Mr. DiBenedetto said he was surprised to learn that no one had ever 
precisely measured cushioning compression while a shoe was in use. To do 
that, he and Mr. Oleson inserted a sensor about the size of a sparrow's 
eye into the top of the heel of a standard Adidas running shoe, and a 
magnet smaller than a dime in the bottom of the heel, creating a 
magnetic field that the sensor could measure. As the heel was 
compressed, the sensor, known as a Hall sensor, measured the 
corresponding changes in the magnetic field strength to a tenth of a 
millimeter, 1,000 times a second.

To retrieve the data, the group also had to design and build a data 
logger to gather and store the information and then transfer it to a 
computer for analysis. After much trial and error, the group had a 
sensor and data logger small and powerful enough to be snapped onto the 
tongue of a sneaker.

During their first months of research, Mr. DiBenedetto and Mr. Oleson 
said they taught themselves to make their own circuit boards and solder 
components onto them. Mr. DiBenedetto, a former toy maker and designer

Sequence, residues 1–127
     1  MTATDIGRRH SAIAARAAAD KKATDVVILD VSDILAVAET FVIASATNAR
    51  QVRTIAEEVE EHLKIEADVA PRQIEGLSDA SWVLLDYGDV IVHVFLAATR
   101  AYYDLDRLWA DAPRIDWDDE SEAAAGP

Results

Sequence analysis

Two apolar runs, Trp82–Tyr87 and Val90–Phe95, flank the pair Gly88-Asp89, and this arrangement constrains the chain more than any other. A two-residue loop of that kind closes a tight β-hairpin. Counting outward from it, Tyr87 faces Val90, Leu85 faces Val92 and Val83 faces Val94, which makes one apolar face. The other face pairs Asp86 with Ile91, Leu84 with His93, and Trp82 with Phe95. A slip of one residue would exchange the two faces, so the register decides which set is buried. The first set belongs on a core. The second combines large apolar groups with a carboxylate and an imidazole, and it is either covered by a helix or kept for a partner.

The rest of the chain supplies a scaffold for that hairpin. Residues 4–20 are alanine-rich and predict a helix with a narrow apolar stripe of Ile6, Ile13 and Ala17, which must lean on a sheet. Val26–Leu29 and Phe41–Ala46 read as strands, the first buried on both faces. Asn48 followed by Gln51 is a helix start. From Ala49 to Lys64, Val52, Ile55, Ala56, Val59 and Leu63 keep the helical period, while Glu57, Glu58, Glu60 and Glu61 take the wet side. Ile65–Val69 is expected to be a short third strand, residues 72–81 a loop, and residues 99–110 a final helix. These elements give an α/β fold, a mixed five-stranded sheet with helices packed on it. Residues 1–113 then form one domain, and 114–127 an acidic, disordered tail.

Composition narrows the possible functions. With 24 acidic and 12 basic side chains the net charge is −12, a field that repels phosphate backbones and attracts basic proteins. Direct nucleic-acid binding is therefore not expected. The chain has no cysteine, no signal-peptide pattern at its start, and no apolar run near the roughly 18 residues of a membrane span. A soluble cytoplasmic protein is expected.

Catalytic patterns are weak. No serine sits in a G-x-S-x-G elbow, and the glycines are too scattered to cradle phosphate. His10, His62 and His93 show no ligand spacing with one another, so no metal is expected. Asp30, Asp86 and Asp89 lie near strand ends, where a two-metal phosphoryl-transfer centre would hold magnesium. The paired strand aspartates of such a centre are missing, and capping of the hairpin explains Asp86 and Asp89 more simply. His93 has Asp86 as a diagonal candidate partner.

of air intake and exhaust systems on highly classified aircraft projects 
for Lockheed, said the group began buying and dissecting motorized toys.

The Hasbro 
<http://www.nytimes.com/redirect/marketwatch/redirect.ctx?MW=http://custom.marketwatch.com/custom/nyt-com/html-companyprofile.asp&symb=HAS> 
electronic toy creature known as Furby helped them better understand the 
kinds of tiny electric motors and switches they might need for the shoe. 
A skinned Furby sat on the edge of a table in Mr. DiBenedetto's work space.

Once the group had a reliable "sensor shoe," it set a number of them at 
various cushioning levels and invited testers to select the pair of 
shoes they found most comfortable. Then they ran in them.

"They'd come back and we'd download the data, and what we started to see 
was that everyone was picking a shoe that got them to the same range of 
compression," Mr. DiBenedetto recalled.

That led his group to write mathematical language that enabled the 
shoe's embedded 20-megahertz computer continually to ensure that the 
cushioning was ideal for the runner and the situation.

Next the group faced the issue of how to make a shoe adapt while it is 
being worn. The solution was a hollow engineered plastic cushion with 
metal support brackets. When the shoe's motor adjusted the tension on a 
stainless steel cord that ran through the flexible heel, the heel 
responded just the way Mr. DiBenedetto and Mr. Oleson wanted.

Mr. Enderle, the analyst, predicted that even at $250 a pair, shoes that 
use digital technology effectively are likely to find a market. 
Fortunately for Adidas, he said, "a lot of people who run - business 
executives and the rest - do have the money and love having the latest 
cutting-edge shoe that apply technology to make the running experience 
better."